unknown, Minuature Door Chealsea NYC, 2013

unknown, Minuature Door Chealsea NYC, 2013

A little door in Chelsea NYC.

See also:

10 Great Street Installation 2014

Street Art Sculpture III 2012

More Street Art Sculpture 2010

Street Art Sculpture 2009

Junky Projects, Presgrave Place, 2014

Daniel Lynch, Junky Projects, Presgrave Place, 2014


Hosier Lane January 2015

Walking up Hosier Lane in Melbourne’s for the first time in 2015 I notice that amongst the many pilgrims to this Mecca for street art and graffiti there new work of several visiting artists. Factor has been back in town.

Factor

That Will Coles has also paid a visit from Sydney and his current casts are finer and more elaborate than has old lost objects. There now must be a Will Coles piece in every niche in Hosier Lane, many now covered with layers of spray paint.

Will Coles

That Amorphic has put up some paste-ups while she was over from South Australia. She informs me that she put up some more around the Barkley Square Shopping Centre in Brunswick, off Monarch Lane in St Kilda, and on a door in Union Lane.

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It is good to see Dolus bringing stencils back into the mix. Stencils were over used by street artists a decade ago and many people have been avoided using them ever since.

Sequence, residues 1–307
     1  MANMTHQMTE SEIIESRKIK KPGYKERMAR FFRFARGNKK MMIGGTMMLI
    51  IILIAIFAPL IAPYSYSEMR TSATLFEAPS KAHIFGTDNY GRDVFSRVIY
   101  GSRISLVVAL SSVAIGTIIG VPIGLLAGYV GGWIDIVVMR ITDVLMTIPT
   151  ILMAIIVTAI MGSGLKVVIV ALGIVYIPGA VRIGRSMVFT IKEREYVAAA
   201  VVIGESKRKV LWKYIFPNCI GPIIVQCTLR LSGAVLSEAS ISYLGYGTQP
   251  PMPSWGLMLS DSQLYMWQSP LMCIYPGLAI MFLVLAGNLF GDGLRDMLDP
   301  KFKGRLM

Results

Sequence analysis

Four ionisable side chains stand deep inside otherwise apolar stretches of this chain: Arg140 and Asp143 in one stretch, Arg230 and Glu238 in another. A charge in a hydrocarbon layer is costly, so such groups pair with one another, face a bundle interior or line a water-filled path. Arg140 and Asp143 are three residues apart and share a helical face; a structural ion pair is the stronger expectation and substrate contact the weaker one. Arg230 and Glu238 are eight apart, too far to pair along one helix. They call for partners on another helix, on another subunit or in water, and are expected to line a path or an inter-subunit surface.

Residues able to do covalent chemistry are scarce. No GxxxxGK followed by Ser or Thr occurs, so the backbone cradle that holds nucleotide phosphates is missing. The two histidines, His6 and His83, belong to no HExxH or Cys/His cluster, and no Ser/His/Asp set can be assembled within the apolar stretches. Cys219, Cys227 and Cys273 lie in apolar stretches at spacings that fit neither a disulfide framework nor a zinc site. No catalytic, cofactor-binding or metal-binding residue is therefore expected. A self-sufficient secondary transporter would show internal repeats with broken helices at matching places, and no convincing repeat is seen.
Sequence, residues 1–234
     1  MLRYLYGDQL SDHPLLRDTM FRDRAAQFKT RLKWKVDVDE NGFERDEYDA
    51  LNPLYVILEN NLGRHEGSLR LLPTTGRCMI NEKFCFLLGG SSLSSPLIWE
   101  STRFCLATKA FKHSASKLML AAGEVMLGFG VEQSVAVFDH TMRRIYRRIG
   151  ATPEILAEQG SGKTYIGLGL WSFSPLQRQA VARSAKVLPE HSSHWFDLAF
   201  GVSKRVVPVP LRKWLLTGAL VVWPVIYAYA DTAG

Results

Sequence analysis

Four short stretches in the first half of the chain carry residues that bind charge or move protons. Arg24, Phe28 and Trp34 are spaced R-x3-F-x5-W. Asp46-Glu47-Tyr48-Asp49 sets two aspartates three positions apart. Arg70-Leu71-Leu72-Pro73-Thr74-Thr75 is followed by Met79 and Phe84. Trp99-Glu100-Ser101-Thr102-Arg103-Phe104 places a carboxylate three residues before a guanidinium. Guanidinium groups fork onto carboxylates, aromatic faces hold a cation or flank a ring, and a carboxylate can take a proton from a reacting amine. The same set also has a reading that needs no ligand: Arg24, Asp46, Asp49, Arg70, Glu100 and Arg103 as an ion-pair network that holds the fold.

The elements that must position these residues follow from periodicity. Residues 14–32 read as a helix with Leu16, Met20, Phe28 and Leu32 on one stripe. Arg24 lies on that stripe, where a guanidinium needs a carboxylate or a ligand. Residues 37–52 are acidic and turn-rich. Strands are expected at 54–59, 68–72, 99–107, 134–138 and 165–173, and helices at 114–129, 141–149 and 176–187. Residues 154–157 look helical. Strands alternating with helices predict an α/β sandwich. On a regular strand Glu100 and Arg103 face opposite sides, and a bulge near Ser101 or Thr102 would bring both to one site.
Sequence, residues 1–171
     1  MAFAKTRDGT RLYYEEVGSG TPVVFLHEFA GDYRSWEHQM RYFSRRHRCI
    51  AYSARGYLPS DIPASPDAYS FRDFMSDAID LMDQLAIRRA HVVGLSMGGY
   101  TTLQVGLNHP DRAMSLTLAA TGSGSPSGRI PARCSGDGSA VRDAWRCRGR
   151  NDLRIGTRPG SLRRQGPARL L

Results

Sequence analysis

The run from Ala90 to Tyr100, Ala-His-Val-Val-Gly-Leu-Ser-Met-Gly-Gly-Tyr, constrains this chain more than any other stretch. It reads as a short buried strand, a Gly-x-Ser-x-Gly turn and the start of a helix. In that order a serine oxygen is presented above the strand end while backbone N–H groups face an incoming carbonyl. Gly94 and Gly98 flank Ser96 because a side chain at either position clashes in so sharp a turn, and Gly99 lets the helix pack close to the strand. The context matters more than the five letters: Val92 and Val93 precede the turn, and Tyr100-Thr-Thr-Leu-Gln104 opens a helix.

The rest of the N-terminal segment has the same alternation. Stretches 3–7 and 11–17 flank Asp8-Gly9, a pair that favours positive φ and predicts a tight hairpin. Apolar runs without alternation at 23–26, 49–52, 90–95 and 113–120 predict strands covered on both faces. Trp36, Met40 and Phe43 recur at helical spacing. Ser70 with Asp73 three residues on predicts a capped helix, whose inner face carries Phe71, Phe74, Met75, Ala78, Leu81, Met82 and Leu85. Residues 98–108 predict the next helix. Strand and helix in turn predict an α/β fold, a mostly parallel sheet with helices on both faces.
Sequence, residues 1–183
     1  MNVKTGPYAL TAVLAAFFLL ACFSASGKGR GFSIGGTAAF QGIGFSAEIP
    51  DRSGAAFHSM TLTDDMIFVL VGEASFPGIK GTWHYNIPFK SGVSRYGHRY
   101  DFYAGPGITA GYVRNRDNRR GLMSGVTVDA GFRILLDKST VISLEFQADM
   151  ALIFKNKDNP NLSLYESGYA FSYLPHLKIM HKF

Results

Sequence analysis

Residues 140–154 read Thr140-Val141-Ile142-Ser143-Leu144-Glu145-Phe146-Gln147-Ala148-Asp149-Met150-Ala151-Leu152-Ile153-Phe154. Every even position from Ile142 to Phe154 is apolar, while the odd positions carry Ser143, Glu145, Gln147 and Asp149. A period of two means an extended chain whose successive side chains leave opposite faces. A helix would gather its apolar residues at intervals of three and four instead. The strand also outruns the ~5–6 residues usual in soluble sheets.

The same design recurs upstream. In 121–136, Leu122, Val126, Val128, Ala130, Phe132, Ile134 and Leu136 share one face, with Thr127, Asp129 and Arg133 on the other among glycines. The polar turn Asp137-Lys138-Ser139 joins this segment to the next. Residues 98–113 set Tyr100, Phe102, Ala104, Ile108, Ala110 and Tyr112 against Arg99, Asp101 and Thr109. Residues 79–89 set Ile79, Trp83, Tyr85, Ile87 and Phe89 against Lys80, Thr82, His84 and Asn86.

Dolus

However the main reason that I wanted to take a look at Hosier Lane was to see how Melbourne’s street artists have reacted to recent events, namely the attack on the satirical magazine Charlie Hebdo in Paris. Melbourne’s street artists are always quick to follow a political meme and to contribute their part in the discourse.

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Street Art 2014

Standing on the fourth floor balcony of Emerald House in South Melbourne with a cold beer in my hand watching the sun set from the south-side of the city and contemplating the end of 2014. Around me are many of the luminaries of Melbourne’s street art scene: Factor from Invurt, Luke Cornish (aka E.L.K), Toby from Just Another Agency, Luke McManus, Alison Young, Dean Sunshine, David Russell GT, Mini Graff… enough of the name dropping but you get the picture.

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The occasion is the Melbourne premier of a new documentary on street art, Cutback by Rachel Bentley. Cutback was filmed between 2011-2014 in Sydney, Melbourne, Canberra, Berlin, NYC and London this documentary concentrates on the pertinent topic of the acceptance of street art by major art prizes, major galleries and collectors. Cutback is not just a documentary but also a digital platform with more interviews and room to expand.

After the documentary there was a tour of the three story carpark at Emerald House that was painted in 2012 (see my post Melbourne Underground). The paintings are still there and more have been added.

Luke Cornish, Dean Sunshine and Factor

Luke Cornish, Dean Sunshine and Factor